By Paulien van de Vlasakker
Advanced technology and alternative food-production methods, such as vertical farming and hydroponic cultivation, are part of an upward trend of initiatives for the support of the transition of conventional food-production methods to more decentralized and local production systems. The development of high-tech urban agriculture is one strategy for more sustainable and resilient urban food systems being explored by cities worldwide to feed their increasing populations.
To contribute to the development of urban high-tech agriculture, I established Vegger in October 2016. Vegger is a start-up located on the Wageningen University & Research campus. During the first few years, my colleague and I designed and developed high-tech indoor gardens for the cultivation of vegetables and herbs inside people’s working and living environment. The indoor gardens that we created are cultivation systems equipped with horticultural led lightening, soilless cultivation methods and a controlled environment system. Vegger is part of StartLife, the business facilitator of Wageningen University. We rent our office/working space in StartHub, located in the Atlas Building.
For my internship, as part of my MSc Organic Agriculture, I conducted a pilot project with high-tech indoor gardens in two nursing homes of Stichting Innoforte located in Velp, Gelderland. Growing vegetables inside nursing homes can be a response to the need for an increased intake of fresh and local vegetables by elderly people. In addition to increasing vegetable intake among the elderly, this pilot project also focused on contributing to the creation of a healing environment in the nursing homes. A healing environment is a (physical) environment that aims to promote the well-being of patients, their family and the employees, and to reduce their stress. This way people may heal faster (or the (physical) environment does not worsen their situation). The goal of my internship was to explore how high-tech indoor gardens can contribute to: 1. the consumption of fresh vegetables and herbs among the residents, and 2. the healing environment of the location.
I placed the indoor gardens in two locations. One of the locations was specialized for elderly people with far stage dementia. The other location offered housing for elderly people that do not need (intensive) care. It is important to mention that the locations make use of a different food delivery system. In the location for demented elderly, the staff cooks with fresh foods and matching recipes delivered by their food supplier. The meals for the ‘healthy’ elderly from the other location are ready-to-eat frozen meals. These meals do not contain any fresh ingredients.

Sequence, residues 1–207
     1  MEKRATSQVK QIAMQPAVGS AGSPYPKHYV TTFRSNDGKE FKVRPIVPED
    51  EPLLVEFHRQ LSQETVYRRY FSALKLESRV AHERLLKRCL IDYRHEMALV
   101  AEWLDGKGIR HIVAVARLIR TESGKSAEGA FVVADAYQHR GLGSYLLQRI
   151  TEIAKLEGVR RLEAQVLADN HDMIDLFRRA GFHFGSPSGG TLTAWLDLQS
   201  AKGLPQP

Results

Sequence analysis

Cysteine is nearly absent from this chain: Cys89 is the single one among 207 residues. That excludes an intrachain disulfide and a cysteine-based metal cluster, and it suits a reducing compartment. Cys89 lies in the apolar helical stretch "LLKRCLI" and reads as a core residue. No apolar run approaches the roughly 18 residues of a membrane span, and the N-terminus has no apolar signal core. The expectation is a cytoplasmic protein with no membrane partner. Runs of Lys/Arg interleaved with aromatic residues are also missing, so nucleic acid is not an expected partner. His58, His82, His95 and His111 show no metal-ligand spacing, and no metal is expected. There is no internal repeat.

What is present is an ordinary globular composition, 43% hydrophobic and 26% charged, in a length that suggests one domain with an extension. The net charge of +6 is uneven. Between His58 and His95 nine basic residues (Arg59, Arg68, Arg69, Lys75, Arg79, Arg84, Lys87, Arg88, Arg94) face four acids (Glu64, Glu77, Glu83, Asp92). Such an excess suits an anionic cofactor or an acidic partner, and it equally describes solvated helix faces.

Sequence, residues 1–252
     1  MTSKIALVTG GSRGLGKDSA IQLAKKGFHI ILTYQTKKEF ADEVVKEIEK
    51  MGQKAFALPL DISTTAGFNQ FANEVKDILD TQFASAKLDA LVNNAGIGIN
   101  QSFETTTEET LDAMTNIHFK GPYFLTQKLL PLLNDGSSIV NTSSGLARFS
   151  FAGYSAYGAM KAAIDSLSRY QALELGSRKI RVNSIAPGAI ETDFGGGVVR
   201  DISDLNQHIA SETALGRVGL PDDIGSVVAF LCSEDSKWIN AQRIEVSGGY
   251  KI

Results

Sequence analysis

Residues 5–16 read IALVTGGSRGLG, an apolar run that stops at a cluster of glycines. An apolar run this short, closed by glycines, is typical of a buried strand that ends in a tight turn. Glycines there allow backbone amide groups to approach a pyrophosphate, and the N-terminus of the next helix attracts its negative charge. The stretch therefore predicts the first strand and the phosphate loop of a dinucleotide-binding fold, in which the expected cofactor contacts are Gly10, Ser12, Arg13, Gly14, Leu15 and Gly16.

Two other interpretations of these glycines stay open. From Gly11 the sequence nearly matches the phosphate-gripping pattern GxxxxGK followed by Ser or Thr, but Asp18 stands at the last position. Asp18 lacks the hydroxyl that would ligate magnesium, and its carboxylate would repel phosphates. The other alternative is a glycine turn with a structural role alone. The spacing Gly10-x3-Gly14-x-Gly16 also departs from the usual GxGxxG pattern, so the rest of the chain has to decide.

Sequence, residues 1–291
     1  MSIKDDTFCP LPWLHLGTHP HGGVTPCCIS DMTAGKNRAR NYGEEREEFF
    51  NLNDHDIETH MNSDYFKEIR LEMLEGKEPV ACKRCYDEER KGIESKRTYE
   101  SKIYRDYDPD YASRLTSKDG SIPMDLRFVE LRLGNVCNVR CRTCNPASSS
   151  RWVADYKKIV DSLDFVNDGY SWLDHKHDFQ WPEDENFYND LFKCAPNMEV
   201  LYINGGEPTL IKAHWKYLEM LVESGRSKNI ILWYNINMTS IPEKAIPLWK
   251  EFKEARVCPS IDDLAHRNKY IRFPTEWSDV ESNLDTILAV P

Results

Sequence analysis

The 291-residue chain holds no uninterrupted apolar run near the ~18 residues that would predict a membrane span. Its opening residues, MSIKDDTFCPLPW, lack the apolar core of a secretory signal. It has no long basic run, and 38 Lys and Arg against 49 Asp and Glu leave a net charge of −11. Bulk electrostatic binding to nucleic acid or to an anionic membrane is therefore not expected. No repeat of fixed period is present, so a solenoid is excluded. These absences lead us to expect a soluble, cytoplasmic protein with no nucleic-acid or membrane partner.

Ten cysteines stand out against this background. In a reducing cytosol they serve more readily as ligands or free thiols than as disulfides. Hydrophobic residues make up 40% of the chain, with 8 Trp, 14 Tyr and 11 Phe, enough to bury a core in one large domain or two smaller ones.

During my internship I supported the indoor gardens by delivering gardening services. These services consisted of the maintenance of the indoor garden, including the cultivation of plants. The staff was responsible for harvesting the fresh vegetables and herbs. A food expert was appointed by the health care organisation to assist with the contact between me and the end users (staff and residents of both locations). As research methods I used informal conversations with staff, elderly and friends and family of the elderly, observations of the use of the gardens (including harvesting, engaging with the garden, and talking with others over the garden), and measuring the number of plants harvested by staff.
The results of the study were different between both locations. In the nursing home where the demented elderly live, the indoor garden was especially useful to enhance the healing environment. The residents of the home liked to sit next to the indoor garden; the aesthetic aspect of the indoor garden contributed to an improved living and relaxing environment. The vegetables and herbs growing in the indoor garden, however, were not used to their full potential. This was due to the fact that the home for demented elderly was already being supplied with fresh ingredients by their food supplier. In the other home, where ‘healthy’ elderly people live, on the other hand, full usage was made of the vegetables and herbs from the indoor garden. This was because previously no fresh ingredients were used in the meals. Staff used the fresh vegetables and herbs to prepare side dishes such as soup or salad.
The difference between the use of the high-tech indoor gardens did not only relate to the difference in food supplier, but also to the mental health of the elderly. Elderly with dementia experience on average higher stress levels than mentally healthy elderly. Optimizing a healing environment with indoor gardens can therefore have a greater impact on providing a quiet and relaxed environment for the residents. In addition, the elderly who live in the home for ‘healthy’ elderly people were more aware of the meals that were served. The residents of the home indicated that the fresh vegetables and herbs not only made the meal taste better, but also contributed to the experience of the meal because there were ingredients used from their own garden.